JCRC Update | September 23, 2016

Tackling Hunger

This past week I had the distinct honor of attending a hunger issue community forum conducted by Commissioner of Agriculture Ryan Quarles. Many things about this meeting were impressive.

The program was held at the Dare to Care food bank, on the warehouse floor – a very inspiring location for a meeting about hunger issues. Hearing from Dare to Care leadership about what they do, who they target, and the needs of the community was also inspiring. But what was most impressive was the variety of community leaders interesting in doing things about hunger in our area.

There were representatives from senators’ offices, Congressman John Yarmuth’s office, Mayor Greg Fischer’s office and other state agencies dedicated to tackling hunger. There were also representatives of many different regional non-profits talking about what they do.

There were members of the farming and livestock community talking about what is possible on their end to contribute. It will take a well-coordinated effort on all of our parts in order to have a measurable effect on hunger, and this was a good start. I hope and feel confident that Commissioner Quarles and community leaders will work together on this.

You can help by joining our efforts in the Hunger Walk this Sunday, September 25. We will walk this year under the Jewish Louisville banner, visit www.thehungerwalk.org to register to walk and for more information. Proceeds go to Dare to Care, the leading Food Bank in the area, as well as the JFCS Food Pantry. If you don’t want to walk, no problem, please consider making a donation. One in six people in Kentucky (including one in five children) are food insecure.

Religious pluralism in Israel

This week Louisville was visited by Rabbi Uri Regev, founder of many organizations in Israel that are dedicated to breaking the monopoly that the Ultra-Orthodox have on certain aspects of civil law in the State of Israel.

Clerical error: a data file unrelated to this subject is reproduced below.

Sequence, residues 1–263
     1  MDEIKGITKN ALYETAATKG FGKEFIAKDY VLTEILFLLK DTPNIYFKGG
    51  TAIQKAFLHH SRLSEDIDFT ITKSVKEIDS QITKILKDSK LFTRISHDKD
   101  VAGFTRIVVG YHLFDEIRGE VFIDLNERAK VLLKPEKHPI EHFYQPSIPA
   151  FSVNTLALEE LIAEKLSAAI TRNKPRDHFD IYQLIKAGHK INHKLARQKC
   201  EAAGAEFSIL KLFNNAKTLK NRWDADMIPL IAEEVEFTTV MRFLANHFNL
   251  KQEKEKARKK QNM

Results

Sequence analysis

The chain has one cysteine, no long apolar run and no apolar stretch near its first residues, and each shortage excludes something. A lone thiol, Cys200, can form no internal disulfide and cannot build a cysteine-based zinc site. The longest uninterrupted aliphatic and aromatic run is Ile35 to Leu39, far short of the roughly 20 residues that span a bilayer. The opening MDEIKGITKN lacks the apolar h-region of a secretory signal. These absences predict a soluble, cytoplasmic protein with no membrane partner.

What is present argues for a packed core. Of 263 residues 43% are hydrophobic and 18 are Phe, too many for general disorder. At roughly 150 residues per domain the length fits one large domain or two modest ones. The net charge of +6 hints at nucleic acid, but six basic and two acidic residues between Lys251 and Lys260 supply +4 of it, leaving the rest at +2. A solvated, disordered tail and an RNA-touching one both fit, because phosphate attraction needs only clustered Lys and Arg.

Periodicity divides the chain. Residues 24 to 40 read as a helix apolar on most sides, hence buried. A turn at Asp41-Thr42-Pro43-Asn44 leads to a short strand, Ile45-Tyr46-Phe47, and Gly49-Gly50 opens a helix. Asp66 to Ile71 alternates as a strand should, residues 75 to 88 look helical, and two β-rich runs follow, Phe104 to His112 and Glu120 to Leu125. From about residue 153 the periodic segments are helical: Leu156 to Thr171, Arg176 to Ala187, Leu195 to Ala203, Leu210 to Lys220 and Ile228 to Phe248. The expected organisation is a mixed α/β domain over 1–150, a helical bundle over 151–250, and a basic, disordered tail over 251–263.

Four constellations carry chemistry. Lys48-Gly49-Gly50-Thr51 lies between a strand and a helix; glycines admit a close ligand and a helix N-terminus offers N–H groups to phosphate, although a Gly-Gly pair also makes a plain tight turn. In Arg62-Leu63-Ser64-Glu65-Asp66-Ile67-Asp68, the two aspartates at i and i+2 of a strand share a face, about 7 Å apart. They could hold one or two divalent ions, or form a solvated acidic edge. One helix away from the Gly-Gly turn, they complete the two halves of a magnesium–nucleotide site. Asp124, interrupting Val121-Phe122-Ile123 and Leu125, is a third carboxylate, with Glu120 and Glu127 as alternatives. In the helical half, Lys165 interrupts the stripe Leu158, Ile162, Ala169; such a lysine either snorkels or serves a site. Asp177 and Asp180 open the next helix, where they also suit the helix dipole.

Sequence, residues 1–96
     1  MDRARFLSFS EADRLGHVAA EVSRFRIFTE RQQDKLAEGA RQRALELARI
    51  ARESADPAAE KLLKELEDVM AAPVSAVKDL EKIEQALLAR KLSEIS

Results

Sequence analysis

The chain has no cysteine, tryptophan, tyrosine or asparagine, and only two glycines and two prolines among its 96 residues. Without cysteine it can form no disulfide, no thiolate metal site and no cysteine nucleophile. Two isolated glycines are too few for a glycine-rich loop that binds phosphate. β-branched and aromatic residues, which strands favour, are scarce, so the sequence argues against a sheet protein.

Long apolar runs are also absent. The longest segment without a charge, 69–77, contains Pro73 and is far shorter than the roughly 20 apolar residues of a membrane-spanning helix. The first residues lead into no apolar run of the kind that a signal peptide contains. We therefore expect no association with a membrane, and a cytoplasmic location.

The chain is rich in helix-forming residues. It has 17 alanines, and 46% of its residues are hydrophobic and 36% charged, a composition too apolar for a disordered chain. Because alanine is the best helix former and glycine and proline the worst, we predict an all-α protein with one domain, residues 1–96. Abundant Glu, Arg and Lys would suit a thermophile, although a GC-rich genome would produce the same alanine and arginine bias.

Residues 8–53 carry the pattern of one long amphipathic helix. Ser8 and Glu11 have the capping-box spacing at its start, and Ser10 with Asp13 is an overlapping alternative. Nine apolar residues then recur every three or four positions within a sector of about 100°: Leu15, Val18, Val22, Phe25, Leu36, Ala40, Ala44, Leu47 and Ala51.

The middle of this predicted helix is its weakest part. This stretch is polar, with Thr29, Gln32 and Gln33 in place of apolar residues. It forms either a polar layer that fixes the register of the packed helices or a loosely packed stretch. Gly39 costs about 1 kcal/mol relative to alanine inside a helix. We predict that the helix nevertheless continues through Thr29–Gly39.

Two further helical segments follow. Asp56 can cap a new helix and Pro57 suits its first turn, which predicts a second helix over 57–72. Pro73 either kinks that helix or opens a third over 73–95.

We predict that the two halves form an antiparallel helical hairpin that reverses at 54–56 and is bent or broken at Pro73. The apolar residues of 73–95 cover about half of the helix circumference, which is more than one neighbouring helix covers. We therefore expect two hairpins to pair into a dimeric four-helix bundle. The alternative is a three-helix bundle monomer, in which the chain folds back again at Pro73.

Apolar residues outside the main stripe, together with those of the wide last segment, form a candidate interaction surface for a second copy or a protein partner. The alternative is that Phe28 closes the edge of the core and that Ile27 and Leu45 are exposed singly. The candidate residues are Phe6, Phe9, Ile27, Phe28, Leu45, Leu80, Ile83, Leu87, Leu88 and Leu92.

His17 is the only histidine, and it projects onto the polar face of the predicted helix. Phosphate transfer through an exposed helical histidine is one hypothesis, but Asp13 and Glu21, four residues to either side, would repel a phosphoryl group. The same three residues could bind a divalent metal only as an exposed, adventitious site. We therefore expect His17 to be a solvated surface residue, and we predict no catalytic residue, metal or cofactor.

It was inspiring to hear him talk about the issue and to also hear his optimism that things are beginning to change on this front. Jewish organizations in both the U.S. and Israel are starting to make their voices heard on this.

This is a very big issue for both the future of Israel and the relationship between Israel and Diaspora Jewry. Currently, if Jews want to get married in Israel, they must do so under the auspices of the Chief Rabbinate. If they decide they don’t want to have a strictly orthodox wedding, many Israelis get married in Cyprus (weddings performed outside Israel are recognized civilly by the State). However, a current trend is for Israelis not to get married at all – a very disturbing trend for the future of Israel.

The Chief Rabbinate also decides who is a Jew. Those that they deem not halakhically Jewish (according to Jewish law, verifiably born to a Jewish mother) cannot marry. In Israel this is a huge problem, as many immigrants from the former Soviet Union either have a non-Jewish mother or cannot prove their ancestry. There are native Israelis, whose parents came from Russia, who served in the Army, who pay taxes in Israel, who cannot marry the ones they love because of this.

American Jews are increasingly alienated by this situation as well, as many of us are from mixed marriages or converted with a Rabbi who was not approved by the Chief Rabbinate (even some Orthodox Rabbis are not recognized as providing legitimate conversions!).

As the majority of American Jews identify as Conservative or Reform, the longer the status quo perpetuates, the greater the wedge between Israel and American Jewry. As Zionists, this should worry us and we must make every effort to speak up on this.

Jewish Federations of North America is takin a leading role here, as is the American Jewish Committee. The louder our voices the greater the chance for real change.

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